Every now and then, and often during holiday time like New Year’s Eve coming up, the police in Florida and other states will set up DUI checkpoints in strategic areas of the city. These checkpoints are normally located down the street from a popular bar or other area where people often drink alcohol. Florida law does not allow the police to just set up a checkpoint at any time whenever and wherever they want. The police have to plan their DUI checkpoints and follow certain rules for a checkpoint to be legal. For instance, the police must get approval in advance, they must establish certain written rules for the checkpoint, the checkpoint can only last for a certain period of time and they must follow all of those rules during the checkpoint. The police cannot just use their discretion to pick and choose which drivers they are going to stop. They must stop drivers based on a predetermined plan. For instance, the police can decide to stop every fourth vehicle, but they cannot use some arbitrary criterion to stop vehicles as they go. Assuming the police establish proper rules and follow them, they are allowed to set up DUI checkpoints and stop drivers as they come through to determine whether they are driving under the influence of alcohol or drugs.
Checkpoints and road closures for other purposes do not have to follow those same rules. For instance, in a DUI case just outside of Jacksonville, Florida, the police had blocked off the road for an air show and set up a checkpoint where only certain authorized vehicles could pass. The defendant approached the checkpoint in his vehicle, rolled down his window and asked the police officer for directions. The police officer noticed that the defendant smelled of alcohol and slurred his speech and he saw an open container of alcohol in his vehicle. The police officer stopped the defendant, investigated further and arrested the defendant for DUI.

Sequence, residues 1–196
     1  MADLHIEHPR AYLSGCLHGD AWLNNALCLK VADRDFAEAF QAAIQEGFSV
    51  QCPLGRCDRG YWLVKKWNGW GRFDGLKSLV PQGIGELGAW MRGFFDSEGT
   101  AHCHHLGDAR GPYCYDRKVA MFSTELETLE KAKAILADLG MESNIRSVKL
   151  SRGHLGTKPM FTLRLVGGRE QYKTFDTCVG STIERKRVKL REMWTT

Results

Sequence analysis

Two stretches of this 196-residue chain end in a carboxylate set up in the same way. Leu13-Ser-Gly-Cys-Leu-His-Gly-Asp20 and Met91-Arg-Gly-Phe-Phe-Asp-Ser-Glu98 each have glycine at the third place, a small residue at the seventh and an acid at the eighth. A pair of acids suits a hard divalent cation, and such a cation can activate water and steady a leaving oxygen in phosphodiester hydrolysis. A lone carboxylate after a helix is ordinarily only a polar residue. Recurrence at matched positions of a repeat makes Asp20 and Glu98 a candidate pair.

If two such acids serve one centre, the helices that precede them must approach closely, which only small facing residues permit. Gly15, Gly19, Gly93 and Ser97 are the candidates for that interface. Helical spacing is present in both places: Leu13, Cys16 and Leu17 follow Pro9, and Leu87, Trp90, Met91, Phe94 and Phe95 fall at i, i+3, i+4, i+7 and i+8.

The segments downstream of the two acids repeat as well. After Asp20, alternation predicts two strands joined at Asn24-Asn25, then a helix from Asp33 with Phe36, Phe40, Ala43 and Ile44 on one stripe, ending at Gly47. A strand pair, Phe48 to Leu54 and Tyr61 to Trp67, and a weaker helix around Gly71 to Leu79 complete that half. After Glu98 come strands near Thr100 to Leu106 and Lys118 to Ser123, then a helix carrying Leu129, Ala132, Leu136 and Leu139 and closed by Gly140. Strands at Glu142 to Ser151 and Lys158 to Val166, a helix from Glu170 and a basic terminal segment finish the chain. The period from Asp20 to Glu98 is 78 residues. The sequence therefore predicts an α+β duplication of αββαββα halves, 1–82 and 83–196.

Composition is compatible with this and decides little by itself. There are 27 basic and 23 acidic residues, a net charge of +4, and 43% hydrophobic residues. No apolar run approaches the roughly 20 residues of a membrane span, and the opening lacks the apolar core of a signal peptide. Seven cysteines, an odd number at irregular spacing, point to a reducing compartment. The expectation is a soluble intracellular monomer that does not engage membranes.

The criminal defense lawyer filed a motion to suppress the evidence of the defendant’s impairment arguing that the police officer conducted a checkpoint that did not establish the rules necessary for a proper DUI checkpoint. The court disagreed because this was not a DUI checkpoint. The police were not stopping drivers as they approached to check them for DUI. They were only stopped and asked to turn around because they were not allowed to pass. Because this was not a normal DUI checkpoint where some drivers were checked for potential impairment, the police were not required to have written, specific rules for the checkpoint. As a result, the police officer was entitled to investigate further for a potential DUI arrest when the driver appeared to be drunk driving.